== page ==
The first two sentences of that argument are a standard part of Christianity, evidenced throughout the Old and New Testament. The third sentence I would quibble with. Paul's argument in Romans 1 is that knowledge of God, or at least enough to get started, is available to everyone through observation of the natural world. Evidence for the moral failures of humankind is also obvious. Of course, some people reject that knowledge, or draw their own conclusions from the evidence. Equally, the evidence for Christ is widely available, if not quite so universal. Again, some people for whatever reason reject that evidence, but that doesn't mean that it isn't there. So I would say that there is universal self-disclosure by God, but not to an extent that it becomes overwhelming. But for those who pick up on those hints there is more personal disclosure as well, which is important in developing a Christian life. But I think the general point is reasonable: a Christian has to assume that the amount of disclosure that God has done is the optimum one to build up the community that God is seeking.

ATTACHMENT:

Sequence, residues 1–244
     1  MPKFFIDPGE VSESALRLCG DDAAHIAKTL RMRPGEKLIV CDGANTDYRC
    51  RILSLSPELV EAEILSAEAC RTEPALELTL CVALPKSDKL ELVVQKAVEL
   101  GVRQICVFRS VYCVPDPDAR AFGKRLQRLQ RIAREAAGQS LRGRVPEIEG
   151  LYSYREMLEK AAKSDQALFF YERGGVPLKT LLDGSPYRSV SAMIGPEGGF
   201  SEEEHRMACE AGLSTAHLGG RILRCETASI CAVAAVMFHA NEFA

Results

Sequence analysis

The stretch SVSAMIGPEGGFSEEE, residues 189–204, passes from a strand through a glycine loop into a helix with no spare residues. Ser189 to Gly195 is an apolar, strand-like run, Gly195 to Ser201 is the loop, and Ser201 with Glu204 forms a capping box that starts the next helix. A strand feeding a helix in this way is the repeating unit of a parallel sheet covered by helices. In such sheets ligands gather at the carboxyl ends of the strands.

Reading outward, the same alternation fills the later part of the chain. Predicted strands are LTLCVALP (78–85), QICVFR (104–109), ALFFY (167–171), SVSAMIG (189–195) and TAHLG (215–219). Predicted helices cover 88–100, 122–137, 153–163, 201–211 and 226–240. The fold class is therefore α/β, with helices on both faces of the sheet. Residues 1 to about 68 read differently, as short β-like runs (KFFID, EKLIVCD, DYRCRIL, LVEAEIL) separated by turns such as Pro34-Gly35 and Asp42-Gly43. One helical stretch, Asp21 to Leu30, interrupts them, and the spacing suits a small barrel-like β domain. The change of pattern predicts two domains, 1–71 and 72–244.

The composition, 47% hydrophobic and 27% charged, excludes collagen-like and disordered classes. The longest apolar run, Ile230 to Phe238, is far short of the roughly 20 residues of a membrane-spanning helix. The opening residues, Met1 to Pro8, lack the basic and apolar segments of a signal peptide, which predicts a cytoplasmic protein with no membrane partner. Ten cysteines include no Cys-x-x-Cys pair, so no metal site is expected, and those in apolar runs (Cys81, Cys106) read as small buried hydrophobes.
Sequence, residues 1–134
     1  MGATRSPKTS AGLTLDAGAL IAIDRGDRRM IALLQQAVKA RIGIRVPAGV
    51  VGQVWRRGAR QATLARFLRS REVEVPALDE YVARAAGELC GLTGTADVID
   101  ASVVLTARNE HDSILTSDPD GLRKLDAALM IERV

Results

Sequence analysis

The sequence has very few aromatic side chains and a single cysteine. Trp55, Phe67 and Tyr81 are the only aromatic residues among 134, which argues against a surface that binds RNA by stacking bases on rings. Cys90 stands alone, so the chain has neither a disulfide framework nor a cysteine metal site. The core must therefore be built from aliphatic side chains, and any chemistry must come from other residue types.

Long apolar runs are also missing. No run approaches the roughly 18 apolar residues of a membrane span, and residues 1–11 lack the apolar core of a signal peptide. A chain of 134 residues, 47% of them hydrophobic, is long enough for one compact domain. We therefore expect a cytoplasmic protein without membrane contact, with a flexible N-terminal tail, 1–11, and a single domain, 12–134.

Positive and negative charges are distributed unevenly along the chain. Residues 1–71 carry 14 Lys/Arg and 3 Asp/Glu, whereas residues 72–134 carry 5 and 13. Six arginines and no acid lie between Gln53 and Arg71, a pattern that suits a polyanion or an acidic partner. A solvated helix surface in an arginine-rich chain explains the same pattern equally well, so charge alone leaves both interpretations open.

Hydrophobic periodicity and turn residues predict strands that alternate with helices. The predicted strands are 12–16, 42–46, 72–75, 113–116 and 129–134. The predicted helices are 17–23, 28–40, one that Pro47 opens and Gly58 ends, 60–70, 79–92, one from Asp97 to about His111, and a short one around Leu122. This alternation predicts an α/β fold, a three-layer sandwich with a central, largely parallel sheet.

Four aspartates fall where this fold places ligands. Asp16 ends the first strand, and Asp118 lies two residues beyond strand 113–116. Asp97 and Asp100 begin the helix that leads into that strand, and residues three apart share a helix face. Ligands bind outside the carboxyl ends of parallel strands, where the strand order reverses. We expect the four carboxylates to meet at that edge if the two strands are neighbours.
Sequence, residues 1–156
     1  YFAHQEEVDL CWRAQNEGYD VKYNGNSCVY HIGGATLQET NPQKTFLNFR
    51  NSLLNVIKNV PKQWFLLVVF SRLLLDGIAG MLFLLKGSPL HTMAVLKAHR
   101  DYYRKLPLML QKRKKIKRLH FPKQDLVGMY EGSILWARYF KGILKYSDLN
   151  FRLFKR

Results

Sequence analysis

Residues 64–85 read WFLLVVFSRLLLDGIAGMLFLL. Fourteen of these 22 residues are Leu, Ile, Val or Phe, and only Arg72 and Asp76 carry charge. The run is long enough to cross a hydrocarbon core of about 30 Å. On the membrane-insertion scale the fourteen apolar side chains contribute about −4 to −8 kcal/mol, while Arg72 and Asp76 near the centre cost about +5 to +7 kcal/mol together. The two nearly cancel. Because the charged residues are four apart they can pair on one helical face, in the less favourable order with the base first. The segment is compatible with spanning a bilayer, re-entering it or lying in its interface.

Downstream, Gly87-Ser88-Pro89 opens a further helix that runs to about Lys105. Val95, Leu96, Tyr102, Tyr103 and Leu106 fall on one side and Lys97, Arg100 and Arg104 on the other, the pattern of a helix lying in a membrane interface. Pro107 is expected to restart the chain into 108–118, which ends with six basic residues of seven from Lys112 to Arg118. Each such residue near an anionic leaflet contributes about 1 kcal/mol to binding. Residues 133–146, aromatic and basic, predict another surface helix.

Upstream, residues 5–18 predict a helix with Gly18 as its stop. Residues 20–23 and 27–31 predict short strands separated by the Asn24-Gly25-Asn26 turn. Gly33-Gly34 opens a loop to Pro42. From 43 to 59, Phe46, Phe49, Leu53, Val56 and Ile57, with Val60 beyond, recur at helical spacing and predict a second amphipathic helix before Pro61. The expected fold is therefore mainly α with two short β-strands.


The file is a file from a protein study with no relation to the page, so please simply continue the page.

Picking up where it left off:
Professor Stenger characterises this as saying that "God does not wish to spend eternity with all human souls, but only a chosen few who, by blind faith in the absence of all evidence, accept a Jewish carpenter who may or may not have lived two thousand years ago as their personal saviour." I would criticise how this is phrased. Firstly, God longs, in one sense, that everyone comes to repentance and lives (Ezekiel 18:23, 2 Peter 3:9), though not at the expense of overriding a possible choice to reject Him. So, yes, the majority of people are not going to be part of God's Kingdom. That is ultimately through their own choices; although we as Christians have to trust that God will judge fairly based on the opportunity available to each person. Secondly, I would dispute that accepting Jesus is in the absence of evidence or against the evidence. I would say the opposite, that to reject Jesus is to ignore or incorrectly judge the evidence. Then we have the mis-characterisation of Christian faith, not as (as a Christian would define it) a trust based on beliefs that you have good reason to accept, but as (as the new atheists define it) acceptance without evidence. There is no question that Jesus lived; to deny that is to dismiss all the evidence and break every rule of common sense. Then there is the description of the community: it is not precisely "human souls" that God wishes to spend eternity with, but humans as a whole, in resurrected bodies. I highlight this just to show how poorly Professor Stenger understands Christianity, if this is his characterisation of it.